In September 2008, the Third High Level Forum (HLF) on Aid Effectiveness in Accra, Ghana, drew together some 1,700 people: developing country ministers of finance and planning, heads of multilateral and bilateral development agencies, parliamentarians, representatives of global funds and the private sector, representatives of a broad cross-section of civil society organizations, operations-level staff, journalists. These were people with vastly different backgrounds and points of view, representing institutions with distinct mandates, histories, and agendas.

But they were united by a single concern: How to improve the delivery and use of development assistance so that it can make the greatest difference in the lives of poor people around the world.

The event itself was part of a continuum. The first HLF in Rome, in 2003, drew the development community’s attention to the issues of aid effectiveness and engaged high-level commitment to addressing them. At the second HLF in Paris, in 2005, both partner countries and donors1 endorsed the Paris Declaration, committing to specific actions—some with targets and indicators—and agreeing to monitor implementation of those commitments. This third HLF marked a further step forward: although countries’ ownership of their own development process had been a core principle from the beginning, with this event we saw that developing countries are increasingly taking ownership of the aid effectiveness agenda. Developing countries’ concerns determined the agenda; developing countries’ representatives were part of all decisions relating to the HLF, and served as discussion chairs and event speakers; and developing countries were full partners in the negotiations leading to the final communiqué, the Accra Agenda for Action. Thus the outcome of the HLF, more than ever before, reflects the real and increasingly confident voice of developing countries.

Many participants came to the HLF with stories about how implementation of the Paris principles had made a difference in their countries or institutions. The Marketplace of Ideas showcased some 150 examples: those of the Kyrgyz Republic, where “results in the health sector…demonstrate successful application of the 12 indicators of the Paris Declaration;” of Madagascar, which, “determined to take charge of its own destiny,” developed “a road map to help it overcome poverty and put in place the foundations of rapid and sustainable development;” of Sri Lanka, where managing for development results guides the “ambitious Ten Year Development Programme designed to improve the quality of life of its people;” and many others. In plenary sessions, roundtable discussions, and side events, participants readily shared their experiences and made recommendations for the road ahead.

Accra Agenda for Action

With such diversity among the participants at the HLF, it was truly remarkable that everybody came together to endorse the Accra Agenda for Action (AAA). Everybody had hoped—and worked—for a document that would strengthen implementation of the Paris Declaration commitments, and the AAA does that, listing a range of concrete actions that developing countries and donors commit to take to accelerate implementation of the Paris Declaration and improve the effectiveness of aid.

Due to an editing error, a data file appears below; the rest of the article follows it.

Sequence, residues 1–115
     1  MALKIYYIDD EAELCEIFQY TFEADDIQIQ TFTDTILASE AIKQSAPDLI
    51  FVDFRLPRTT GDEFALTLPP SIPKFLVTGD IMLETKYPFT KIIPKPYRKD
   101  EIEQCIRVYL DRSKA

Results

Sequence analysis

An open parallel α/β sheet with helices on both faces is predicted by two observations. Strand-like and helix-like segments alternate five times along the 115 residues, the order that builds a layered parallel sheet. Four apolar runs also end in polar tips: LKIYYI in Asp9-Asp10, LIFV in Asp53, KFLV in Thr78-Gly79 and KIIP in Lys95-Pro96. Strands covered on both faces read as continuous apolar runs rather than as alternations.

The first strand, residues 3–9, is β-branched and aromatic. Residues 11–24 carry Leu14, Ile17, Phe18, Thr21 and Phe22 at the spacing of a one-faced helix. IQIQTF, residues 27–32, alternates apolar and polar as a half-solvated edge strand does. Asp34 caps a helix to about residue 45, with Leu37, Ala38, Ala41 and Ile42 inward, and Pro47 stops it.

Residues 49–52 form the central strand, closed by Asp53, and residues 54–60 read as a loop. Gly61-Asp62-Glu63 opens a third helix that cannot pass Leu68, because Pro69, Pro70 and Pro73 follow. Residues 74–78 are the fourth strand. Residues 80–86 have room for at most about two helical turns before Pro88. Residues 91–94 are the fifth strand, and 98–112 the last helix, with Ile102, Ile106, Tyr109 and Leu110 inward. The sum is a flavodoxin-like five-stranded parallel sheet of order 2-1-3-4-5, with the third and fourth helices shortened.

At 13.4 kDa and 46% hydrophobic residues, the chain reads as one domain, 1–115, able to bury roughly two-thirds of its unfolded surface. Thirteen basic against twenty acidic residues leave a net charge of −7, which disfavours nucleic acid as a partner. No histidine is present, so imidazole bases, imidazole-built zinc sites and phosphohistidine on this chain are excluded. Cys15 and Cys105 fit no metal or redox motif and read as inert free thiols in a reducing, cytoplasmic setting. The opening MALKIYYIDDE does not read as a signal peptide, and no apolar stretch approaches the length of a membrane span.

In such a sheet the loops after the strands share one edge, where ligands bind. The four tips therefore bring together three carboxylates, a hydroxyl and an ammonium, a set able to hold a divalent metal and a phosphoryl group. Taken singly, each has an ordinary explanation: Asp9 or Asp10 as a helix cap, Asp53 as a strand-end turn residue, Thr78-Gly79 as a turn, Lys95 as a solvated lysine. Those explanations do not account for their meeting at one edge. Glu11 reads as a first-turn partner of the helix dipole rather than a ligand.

But the AAA does even more: it adds new dimensions to the aid effectiveness discourse. For example, it specifically recognizes the role in development of parliaments, local governments, civil society institutions, research institutes, media, and the private sector. It “enlarges the tent” by recognizing middle-income countries and global funds as partners in development efforts. It acknowledges the value of local and regional resources, and of triangular and South-South cooperation, in capacity building. It sets out specific ways of working in fragile situations. It acknowledges the importance of gender equality, environmental sustainability, governance, and issues of inequality of income and opportunity. It signals the development of a new kind of relationship between developing countries and donors—much less one of recipients responding to guidance from donors, and much more one of a true partnership in which donors support countries on their own path to development.

Implementation: who needs to do what?

At the HLF closing session all the speakers focused on the “action” aspect of the Accra Agenda. It is not enough to make fine declarations of intentions, they said; rather, all participants needed to take the messages of Accra back to their countries and institutions, and put them into practice. As one speaker put it, “When we meet again in 2011, we want to be able to point to considerably more progress.”

There is much to do. Developing countries need to deepen their ownership of the development process by engaging local governments, civil society, and parliaments—what one participant called “the basic body of democratic responsibility.” They need to identify areas where their capacity is weak, and develop plans to address those areas. They need to lead in managing the development process, working out a sensible division of labor among the donors that are active in their countries. They need to improve their ability to gather and use statistical information, so that they know—and can report to their citizens—what results they are achieving. And they need to remain active—or even become more active—at the international level, to ensure that the broader international community hears their voice and addresses their concerns.